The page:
:: Announcement ::
Commemorating the International Year of Deserts and Desertification (IYDD), ICRISAT in conjunction with the UNCCD Secretariat, the Desert Margins Program and Oasis (the new CGIAR Systemwide Program on desertification) is organizing a Symposium/Workshop “From Desert to Oasis: Role of Science and Research in Combating Desertification in Semi-arid sub-Saharan Africa” from 23-25 September 2006 at Palais des Congres and ICRISAT, Niamey, Niger.
Background and rationale
As the world marks the International Year of Deserts and Desertification in 2006, it is timely to pause for reflection. A total of 191 nations have now ratified the United Nations Convention to Combat Desertification (CCD). The convention places a priority on desertification in Africa. Many nations and regions have prepared concrete Action Plans, and are actively implementing or seeking funding to implement them.
An extraordinary opportunity exists! The global will is strengthening, and interest in Africa is keen. International bodies are ready to help to fund development activities and provide technical assistance.
But is there potential for success and are the mechanisms in place for achieving even more success now?
The conventional pessimism about the development potential of the African drylands needs to be challenged. There is a need to provoke discussion about the positive potentials of the zone and the extent to which they have not been, or on the contrary are being achieved. Has some of the pessimism been overblown or even mistaken? Are there important successes that have been overlooked in the doom and gloom, instead of being recognized as turning points that could be scaled up for broader impact? If so, how do we make it happen?
As the CCD shifts increasingly to implementation, all eyes will be on the degree of progress that is achieved in actually defeating desertification. If success is not visible, the development investor community may lose faith.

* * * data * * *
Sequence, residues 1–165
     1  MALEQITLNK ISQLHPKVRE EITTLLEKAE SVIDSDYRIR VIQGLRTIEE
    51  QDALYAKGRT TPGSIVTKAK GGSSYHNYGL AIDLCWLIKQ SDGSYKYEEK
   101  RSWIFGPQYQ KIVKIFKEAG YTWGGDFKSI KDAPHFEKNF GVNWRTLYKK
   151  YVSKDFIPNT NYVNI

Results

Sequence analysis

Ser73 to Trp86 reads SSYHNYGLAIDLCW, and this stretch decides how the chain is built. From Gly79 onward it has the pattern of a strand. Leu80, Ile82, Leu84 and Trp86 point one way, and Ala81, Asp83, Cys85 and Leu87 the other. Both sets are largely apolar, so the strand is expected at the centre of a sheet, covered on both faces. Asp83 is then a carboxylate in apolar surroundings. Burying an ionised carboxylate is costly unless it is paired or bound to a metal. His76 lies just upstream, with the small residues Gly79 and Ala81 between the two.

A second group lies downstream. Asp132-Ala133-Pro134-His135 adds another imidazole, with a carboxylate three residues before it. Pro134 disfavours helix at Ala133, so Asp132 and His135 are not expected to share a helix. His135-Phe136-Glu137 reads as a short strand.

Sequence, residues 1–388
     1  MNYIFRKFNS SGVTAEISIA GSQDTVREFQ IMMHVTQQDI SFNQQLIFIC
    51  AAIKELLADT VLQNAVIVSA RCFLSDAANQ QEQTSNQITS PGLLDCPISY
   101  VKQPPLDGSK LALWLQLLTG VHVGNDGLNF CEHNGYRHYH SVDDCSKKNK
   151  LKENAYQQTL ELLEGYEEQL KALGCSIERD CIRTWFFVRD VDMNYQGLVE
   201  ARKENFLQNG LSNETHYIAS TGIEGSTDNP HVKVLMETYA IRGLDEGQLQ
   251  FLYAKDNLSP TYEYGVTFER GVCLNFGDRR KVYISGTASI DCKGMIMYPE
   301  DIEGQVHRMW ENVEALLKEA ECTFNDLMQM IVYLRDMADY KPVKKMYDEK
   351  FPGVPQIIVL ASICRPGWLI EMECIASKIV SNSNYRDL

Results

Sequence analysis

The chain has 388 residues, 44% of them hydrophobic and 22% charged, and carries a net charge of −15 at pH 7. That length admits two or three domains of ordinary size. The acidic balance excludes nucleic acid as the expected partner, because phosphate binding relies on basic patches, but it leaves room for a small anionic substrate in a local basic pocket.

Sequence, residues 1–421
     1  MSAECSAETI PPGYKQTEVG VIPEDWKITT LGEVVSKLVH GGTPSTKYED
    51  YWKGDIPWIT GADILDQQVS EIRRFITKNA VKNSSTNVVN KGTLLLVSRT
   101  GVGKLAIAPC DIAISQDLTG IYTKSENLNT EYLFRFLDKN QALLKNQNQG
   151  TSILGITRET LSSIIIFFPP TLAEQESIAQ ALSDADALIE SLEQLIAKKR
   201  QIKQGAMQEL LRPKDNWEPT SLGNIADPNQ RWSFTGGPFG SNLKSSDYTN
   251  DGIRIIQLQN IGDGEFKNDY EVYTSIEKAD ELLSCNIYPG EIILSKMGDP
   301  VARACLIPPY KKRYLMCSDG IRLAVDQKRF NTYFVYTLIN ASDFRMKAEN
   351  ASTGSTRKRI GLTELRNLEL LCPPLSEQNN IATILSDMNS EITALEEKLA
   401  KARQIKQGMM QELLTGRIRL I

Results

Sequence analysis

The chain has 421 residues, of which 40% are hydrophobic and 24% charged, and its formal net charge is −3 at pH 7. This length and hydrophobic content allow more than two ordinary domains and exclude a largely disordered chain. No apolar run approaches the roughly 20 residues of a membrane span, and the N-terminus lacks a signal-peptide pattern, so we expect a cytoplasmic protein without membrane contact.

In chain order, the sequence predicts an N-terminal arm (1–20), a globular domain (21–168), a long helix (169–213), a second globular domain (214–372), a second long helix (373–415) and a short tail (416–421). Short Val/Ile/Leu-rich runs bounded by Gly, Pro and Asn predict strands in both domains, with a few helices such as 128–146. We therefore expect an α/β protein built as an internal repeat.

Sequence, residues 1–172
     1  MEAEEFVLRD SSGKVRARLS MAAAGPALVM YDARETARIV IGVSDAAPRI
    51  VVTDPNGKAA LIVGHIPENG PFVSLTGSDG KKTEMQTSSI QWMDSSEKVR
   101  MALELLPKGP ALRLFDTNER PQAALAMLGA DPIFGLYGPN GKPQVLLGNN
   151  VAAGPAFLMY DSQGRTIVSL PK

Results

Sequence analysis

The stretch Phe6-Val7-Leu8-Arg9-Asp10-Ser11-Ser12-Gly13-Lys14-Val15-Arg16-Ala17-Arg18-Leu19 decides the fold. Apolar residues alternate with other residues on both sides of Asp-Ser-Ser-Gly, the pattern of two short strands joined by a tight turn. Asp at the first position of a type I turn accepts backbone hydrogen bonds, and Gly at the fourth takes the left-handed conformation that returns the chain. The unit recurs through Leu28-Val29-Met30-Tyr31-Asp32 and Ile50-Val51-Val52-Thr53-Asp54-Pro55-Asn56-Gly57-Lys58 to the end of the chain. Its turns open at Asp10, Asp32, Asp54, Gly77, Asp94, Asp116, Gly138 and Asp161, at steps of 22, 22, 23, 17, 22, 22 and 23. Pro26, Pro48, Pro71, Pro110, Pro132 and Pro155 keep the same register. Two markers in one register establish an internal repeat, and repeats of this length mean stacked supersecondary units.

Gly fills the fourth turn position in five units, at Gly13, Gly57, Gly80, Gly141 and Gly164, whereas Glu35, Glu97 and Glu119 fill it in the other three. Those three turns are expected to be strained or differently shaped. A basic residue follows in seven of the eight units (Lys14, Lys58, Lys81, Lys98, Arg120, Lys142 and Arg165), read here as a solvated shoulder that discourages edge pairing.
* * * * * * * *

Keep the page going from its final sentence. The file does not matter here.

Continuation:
To achieve a higher success rate, the next wave of effort must be more strongly based on knowledge and understanding of the issues, and participation of the stakeholders. Simple technology transfer from other parts of the globe won’t do. The new knowledge-based approach can only be realized by inculcating a strong research-for-development (R4D) dimension into the CCD process, and by increasing the sharing of knowledge between different regions.
ICRISAT and ICARDA, two international agricultural research centers within the Consultative Group on International Agricultural Research (CGIAR) are attempting to address this need by creating a broad global partnership of agricultural research institutions devoted to desertification-related issues. They call this alliance ‘Oasis’.
This symposium/workshop will seek to identify solutions to desertification in semi-arid sub-Saharan Africa emerging from research-for-development in support of the UN Convention to Combat Desertification. Leaders of thought, scientists, and development practitioners (from international organizations and civil society organizations) will share knowledge and ideas to illuminate the importance of, and opportunities for reducing poverty while combating land degradation in sub-Saharan Africa’s drylands.
Participants will pursue the exchange knowledge and experiences to:
• Identify the factors determining past successes
• Identify how such successes could be scaled up
• Strategize how a global research-for-development alliance (Oasis) could contribute to combating desertification in support of the UN Convention to Combat Desertification
Some topics to be addressed will include the following:
• Converging trends, intensifying challenges facing the drylands
• Development pathways for the drylands, better livelihood options (including non-agricultural opportunities, ecotourism, solar/wind power etc., even depopulation)
• Ways to integrate care for the fragile dryland environment with the need for better livelihoods for the poor
• Consequences of doing nothing (costs of inaction)
• Roles of international trade, markets
• Land user’s perspectives, tenure, rights
• Payments for environmental services
• Public/private partnerships
• Methodology for an integrated ecosystem approach, including bio-economic models
• Success stories
We have adopted the symposium/workshop title “From Desert to Oasis” to reflect our partners’ optimism that solutions can be found and the Oasis partnership that is an important dimension of this meeting. The outcomes of this symposium/workshop will provide a critical input into defining the research agenda of Oasis.
Following the symposium, a workshop session will be organized for Oasis partners to formulate a consensus strategy for launching the partnership, including a management and governance mechanisms, as well as a timeline for developing Oasis, research priorities, and a resource mobilization plan.
Goal of the Symposium/Workshop
Identify solutions to desertification in semi-arid sub-Saharan Africa emerging from research-for-development in support of the UN Convention to Combat Desertification.
• A call to action publicized in the media
• A report to sponsors and participants highlighting the main content and achievements of the symposium/workshop
• A high-quality publication of the symposium contributions and outcomes
• Input to the Oasis organizing workshop on critical research strategy and priorities
• Reinforce existing partnerships and forge new ones